We know that scammers are getting nastier, and I’ve had three nasty scams this week.
The first was a short email that said something like ‘We know your password is xzxzzxz and that you have been accessing a porn site. Whilst we admire your taste, we have used your webcam to record what you were doing and we will share it with your friends and family unless you pay us $1200. We are sure you will agree that this is a fair price to protect your reputation.’
The password (not the above!) was in fact genuine and one I had used with my BT mail when it was hosted by Yahoo. However, I had long since changed it. And since I have not accessed porn nor do I have a webcam, I knew the email was a scam, but it was still a shock to receive it. Of course, I just deleted it.
The second scam was a recorded message purporting to be sent by BT from an 0800 number, claiming that my line had been used for hacking and they were going to disable it unless I replied to the message. After ignoring it the first time, it rang back twice more. Anyone with the vaguest knowledge of the internet would realise that this was just a new version of the call ‘from the Microsoft Service Department’, but it would have been scary for vulnerable people, who might well have ‘pressed 1’ as instructed.
The third scam was an email purporting to come from ‘WeTransfer’ from someone that I do business with, saying that he was using the system to send me a business proposal. Although this was entirely possible, I had fairly recently spoken to him and there was no inkling in that conversation that I might get such an invitation. So without opening the message, I responded back to enquire what it was about, and I got a reply using some Americanisms that (as rather a stickler for correct language) I could not imagine he would use. Needless to say, I deleted it. And since I’ve heard nothing more, I was right to do so. Even so, it seems that either WeTransfer or some other system has been hacked.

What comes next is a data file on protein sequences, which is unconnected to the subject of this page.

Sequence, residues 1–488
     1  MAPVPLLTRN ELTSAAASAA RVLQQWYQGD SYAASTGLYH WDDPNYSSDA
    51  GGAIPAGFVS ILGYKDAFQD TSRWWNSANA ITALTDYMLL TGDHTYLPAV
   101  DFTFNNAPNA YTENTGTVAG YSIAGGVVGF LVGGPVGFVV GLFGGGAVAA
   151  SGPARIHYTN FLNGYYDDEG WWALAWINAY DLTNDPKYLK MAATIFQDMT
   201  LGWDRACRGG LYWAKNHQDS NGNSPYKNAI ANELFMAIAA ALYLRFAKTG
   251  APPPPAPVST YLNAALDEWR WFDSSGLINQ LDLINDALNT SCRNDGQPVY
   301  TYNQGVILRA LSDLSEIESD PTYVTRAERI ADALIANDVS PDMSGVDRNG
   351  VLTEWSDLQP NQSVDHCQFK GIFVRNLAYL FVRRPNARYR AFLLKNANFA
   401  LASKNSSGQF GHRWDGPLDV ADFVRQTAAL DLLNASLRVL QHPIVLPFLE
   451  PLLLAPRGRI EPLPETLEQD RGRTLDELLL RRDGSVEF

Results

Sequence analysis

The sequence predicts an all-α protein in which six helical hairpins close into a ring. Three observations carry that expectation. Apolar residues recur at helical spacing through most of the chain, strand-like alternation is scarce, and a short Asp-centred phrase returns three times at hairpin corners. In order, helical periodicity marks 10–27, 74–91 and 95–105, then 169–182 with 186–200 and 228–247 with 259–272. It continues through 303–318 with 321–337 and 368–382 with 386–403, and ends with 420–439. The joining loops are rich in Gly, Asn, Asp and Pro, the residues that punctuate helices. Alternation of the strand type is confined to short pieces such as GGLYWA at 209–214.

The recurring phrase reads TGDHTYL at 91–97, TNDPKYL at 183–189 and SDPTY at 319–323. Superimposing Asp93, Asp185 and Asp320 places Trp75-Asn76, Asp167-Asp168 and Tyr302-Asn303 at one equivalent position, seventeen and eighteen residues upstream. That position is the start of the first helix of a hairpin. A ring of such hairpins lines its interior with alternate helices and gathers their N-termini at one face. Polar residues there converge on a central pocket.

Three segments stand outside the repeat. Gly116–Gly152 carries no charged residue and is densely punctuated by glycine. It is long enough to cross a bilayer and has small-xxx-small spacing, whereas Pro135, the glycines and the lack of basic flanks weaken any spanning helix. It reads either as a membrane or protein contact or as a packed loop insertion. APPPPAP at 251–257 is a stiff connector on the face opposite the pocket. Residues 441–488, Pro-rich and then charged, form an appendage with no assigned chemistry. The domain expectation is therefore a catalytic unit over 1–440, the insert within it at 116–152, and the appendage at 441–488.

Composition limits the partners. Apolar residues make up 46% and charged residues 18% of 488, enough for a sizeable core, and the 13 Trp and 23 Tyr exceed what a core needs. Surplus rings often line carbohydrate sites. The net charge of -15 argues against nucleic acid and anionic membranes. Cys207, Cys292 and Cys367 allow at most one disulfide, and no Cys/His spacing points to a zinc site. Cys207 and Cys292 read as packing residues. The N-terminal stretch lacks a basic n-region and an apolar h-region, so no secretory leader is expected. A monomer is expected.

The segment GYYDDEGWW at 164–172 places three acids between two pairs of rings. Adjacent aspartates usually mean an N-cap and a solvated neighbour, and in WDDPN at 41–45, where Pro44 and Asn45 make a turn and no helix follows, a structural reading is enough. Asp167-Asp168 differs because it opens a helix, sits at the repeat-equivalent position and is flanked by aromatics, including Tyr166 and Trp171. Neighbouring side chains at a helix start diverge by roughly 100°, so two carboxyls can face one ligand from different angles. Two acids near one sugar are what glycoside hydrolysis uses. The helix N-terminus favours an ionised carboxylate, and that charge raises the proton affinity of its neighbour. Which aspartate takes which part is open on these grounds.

Of course, I’m often getting the obvious scams – one from a ‘very nice guy’ who kept phoning with ‘helpful investment advice’. It was only when I said to him ‘Your office is very noisy – it sounds as though you’re calling from a Boiler Room‘ that the calls stopped!
Another variation on the telephone call scam received today. “This is your credit card security department. You bought an item for £600 from a foreign company. If this wasn’t you, press 1”
Well, I know from experience that a real credit card company firstly tells you who they are and asks to speak to the cardholder by name, along with various other details. I don’t know what happens if you do press 1. Do you end up paying for a premium rate phone call?